The voting on this was as follows:

Left RSL resolution: 4 in favour

Militant Group resolution: 11 in favour

WIL-TO resolution: 57 in favour; 11 opposed; 1 abstention

The tactic of immediate entry into the Labour Party and the complete subordination of independent party work was put forward as against the tactic of building the party at this stage on the basis of turning the face of the organisation to the factory and trade union movement as an independent force, whilst maintaining at the same time factions in the LP and ILP, not closing the door to the possibility of future entry. The Militant Group and the Lefts together voted against the independent orientation on this question.

The voting was as follows:

For the entrist tactic: 11

For the independent orientation: 58

The slogan of “workers’ control” and the question of industrial perspectives and tactics: the Militant Group and the Lefts held that it was incorrect to raise the slogan of workers’ control as it was raised by the WIL in relation to production in war time. Both claimed that it was a concession to chauvinism and was opportunist.

The “Lefts” claimed that the slogan could only be put forward as arising out of a third Labour government and after such a government had come to power. The Militant Group said that it should only be raised during a period of revolutionary upsurge.

The WIL and the TO argued that the slogan had a propaganda potency at all stages of the struggle during imperialist war, and particularly when Joint Production Committees were being set up and a large scale propaganda was being conducted by the capitalists and their agents in the labour movement. Our task was to counterpose proletarian control in every phase of “civil” and military life, consciously raising the idea of factory committees and similar organisations as organs of workers’ control and as organs of power; linking the slogans of control constantly to the slogan of Labour to power.

On industrial tactics the WIL resolution had the support of all factions except the “Left”. This resolution urged support for the Militant Workers’ Federation as a stage in the crystallisation of a militant factory leadership on a national scale which would coordinate and direct militant industrial activity in the unions, as well as in the plants.

It was held that the MWF had the possibility of becoming the focal point around which the workers would organise on a local and national scale, when the industrial storm broke.

The “Lefts” argued that the MWF was a paper organisation and should be disbanded. Our task was to operate inside the Stalinist controlled unofficial movement, and if expelled, set up an expelled opposition. The sooner we were expelled from the Stalinist controlled organisation, once we had entered, the better – for our real work will not commence until we are expelled. This will enable us to start an agitation against Stalinist methods in the factories.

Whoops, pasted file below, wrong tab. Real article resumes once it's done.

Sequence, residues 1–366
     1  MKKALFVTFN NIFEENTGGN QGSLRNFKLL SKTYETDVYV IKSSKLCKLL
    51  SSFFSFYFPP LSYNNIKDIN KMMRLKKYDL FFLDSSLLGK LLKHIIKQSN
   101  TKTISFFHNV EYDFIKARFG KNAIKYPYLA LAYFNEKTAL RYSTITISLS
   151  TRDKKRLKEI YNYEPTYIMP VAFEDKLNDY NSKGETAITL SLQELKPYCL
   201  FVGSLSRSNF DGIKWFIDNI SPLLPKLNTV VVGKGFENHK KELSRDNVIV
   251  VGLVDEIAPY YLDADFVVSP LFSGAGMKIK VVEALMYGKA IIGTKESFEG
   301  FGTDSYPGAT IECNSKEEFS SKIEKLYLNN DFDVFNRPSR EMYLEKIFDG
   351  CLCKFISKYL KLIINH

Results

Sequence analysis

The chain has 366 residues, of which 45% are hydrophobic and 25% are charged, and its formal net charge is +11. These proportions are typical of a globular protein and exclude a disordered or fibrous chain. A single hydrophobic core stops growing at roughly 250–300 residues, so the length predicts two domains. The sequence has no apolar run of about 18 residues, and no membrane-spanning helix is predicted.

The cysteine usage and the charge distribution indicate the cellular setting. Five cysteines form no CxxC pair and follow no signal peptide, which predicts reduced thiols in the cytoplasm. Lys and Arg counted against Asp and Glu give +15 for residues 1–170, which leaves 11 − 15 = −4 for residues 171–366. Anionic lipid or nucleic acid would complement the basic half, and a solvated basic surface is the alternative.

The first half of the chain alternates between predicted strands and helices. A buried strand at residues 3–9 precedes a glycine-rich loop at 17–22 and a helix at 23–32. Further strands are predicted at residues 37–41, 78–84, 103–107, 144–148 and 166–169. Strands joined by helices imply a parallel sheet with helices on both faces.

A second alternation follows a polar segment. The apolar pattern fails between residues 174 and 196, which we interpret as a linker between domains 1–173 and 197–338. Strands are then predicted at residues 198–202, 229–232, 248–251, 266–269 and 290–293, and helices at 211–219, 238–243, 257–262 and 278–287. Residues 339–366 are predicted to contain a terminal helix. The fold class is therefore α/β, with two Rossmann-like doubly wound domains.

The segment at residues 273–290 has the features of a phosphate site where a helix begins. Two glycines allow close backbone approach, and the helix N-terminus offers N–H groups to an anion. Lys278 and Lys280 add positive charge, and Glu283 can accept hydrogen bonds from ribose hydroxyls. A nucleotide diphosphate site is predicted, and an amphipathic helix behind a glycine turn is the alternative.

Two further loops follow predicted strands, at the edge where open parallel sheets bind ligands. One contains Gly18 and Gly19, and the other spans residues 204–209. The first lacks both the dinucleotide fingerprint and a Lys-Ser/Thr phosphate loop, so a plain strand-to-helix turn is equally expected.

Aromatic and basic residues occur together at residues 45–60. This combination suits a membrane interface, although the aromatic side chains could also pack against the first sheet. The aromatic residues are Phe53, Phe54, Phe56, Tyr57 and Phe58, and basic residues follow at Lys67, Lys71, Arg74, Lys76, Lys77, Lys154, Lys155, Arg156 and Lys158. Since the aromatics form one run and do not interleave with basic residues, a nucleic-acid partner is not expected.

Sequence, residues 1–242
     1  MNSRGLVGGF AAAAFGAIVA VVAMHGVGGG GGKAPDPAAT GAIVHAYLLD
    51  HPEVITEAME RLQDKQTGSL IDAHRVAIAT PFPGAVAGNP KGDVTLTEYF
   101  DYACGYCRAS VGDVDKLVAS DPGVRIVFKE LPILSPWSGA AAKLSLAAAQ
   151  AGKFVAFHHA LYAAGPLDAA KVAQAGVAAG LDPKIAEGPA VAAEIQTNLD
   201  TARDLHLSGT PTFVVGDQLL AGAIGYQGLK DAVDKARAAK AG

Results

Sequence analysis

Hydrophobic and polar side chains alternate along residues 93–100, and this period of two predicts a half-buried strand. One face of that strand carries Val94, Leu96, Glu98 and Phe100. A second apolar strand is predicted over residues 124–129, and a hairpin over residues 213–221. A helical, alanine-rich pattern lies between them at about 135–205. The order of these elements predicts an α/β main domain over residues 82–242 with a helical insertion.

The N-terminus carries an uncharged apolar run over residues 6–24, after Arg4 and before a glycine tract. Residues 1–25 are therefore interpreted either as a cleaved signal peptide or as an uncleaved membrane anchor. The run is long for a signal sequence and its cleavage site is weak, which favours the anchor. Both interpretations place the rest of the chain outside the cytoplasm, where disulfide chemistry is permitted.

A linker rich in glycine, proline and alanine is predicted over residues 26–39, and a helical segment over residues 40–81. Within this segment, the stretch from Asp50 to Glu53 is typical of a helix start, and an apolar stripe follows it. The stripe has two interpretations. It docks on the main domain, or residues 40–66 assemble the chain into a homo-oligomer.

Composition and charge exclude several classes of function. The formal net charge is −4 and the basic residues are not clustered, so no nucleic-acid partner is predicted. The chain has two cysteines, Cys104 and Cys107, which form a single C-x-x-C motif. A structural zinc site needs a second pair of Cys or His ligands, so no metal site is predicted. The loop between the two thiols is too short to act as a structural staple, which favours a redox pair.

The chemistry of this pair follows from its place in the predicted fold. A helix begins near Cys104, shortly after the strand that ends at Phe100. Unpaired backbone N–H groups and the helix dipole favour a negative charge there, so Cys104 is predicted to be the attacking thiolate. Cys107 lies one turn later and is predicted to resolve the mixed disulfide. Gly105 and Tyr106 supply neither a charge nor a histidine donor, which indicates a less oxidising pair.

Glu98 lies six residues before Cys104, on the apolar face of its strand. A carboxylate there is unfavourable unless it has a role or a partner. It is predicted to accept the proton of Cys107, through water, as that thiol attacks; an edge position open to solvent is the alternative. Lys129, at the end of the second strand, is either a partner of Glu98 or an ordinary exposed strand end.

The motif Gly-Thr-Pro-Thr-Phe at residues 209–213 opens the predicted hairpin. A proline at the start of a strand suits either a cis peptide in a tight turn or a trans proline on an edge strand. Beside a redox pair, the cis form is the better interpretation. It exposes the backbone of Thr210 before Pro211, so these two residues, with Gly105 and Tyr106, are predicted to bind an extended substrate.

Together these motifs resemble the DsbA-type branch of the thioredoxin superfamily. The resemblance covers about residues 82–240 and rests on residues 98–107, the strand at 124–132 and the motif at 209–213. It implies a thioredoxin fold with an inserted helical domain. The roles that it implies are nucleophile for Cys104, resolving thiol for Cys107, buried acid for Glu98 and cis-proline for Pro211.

It may be said by some of the participants that the above is an over-simplification of the positions taken at conference. But without extensive quotations it is impossible to deal adequately with these differences.

Conference concentrated on the main outstanding questions which had separated the British movement over a period of years and several resolutions from the “Left” were not included on the agenda – e.g. on “sabotage” in relation to the Soviet Union, the national question and China, the Italian revolution, and others, because of lack of time.

On the fusion resolution (published in the Militant) the “Lefts” abstained. The TO and WIL minority opposed the section ending past organisational conflicts and closing the discussion on these questions. They wished to leave the question open for further discussion.

Briefly, these were the main questions discussed at the fusion conference and which should have been elaborated by Stuart on the basis of the documents if he had wished to give the SWP members a real view of the British movement and the fusion. But he failed to do so.

But if Stuart failed to give a political appreciation of the real discussions and differences, he gave plenty of space to organisational evaluations combined with imaginary political discussions and speeches.

Political characterisation based on gossip

In “indicating” a “deviation of national colouring” Stuart alleges:

“In defence of the resolution on military policy, a leader of the majority in the new CC [comrade Ted Grant is being hit at here - RCP] made some remarks that called forth astonishment and protest, particularly among those in agreement with the resolution, which is by and large a correct statement of the international policy. Characteristic of these remarks was a reference to Montgomery’s Eighth Army as ‘our Eighth Army’. The protests only brought reiteration from the speaker with a stronger emphasis than before: he spoke with pride of ‘our Eighth Army’.” (The emphasis is Stuart’s)

Monstrous falsification! That Stuart should accuse leading British Trotskyists of chauvinism is bad enough.

To tear a phrase out of its context for the purpose of demonstrating a “deviation”, is nothing short of a scandal in the ranks of the Fourth International. And that such stuff should be circulated by the PC of the SWP without a check is not easy to understand.

This “scene” is supposed to have taken place at the fusion conference. This is false. The incident, distorted above, took place at the WIL conference in 1943 during a discussion not on military policy, but on European and British perspectives. The resolution to which comrade Grant was speaking is published in a pamphlet, The world revolution and the tasks of the British working class, drafted by him and accepted as a basic document by the fusion conference[1]. The speech referred to is apparently that made by comrade Grant published in Workers’ International News, January 1944, and the section reads as follows: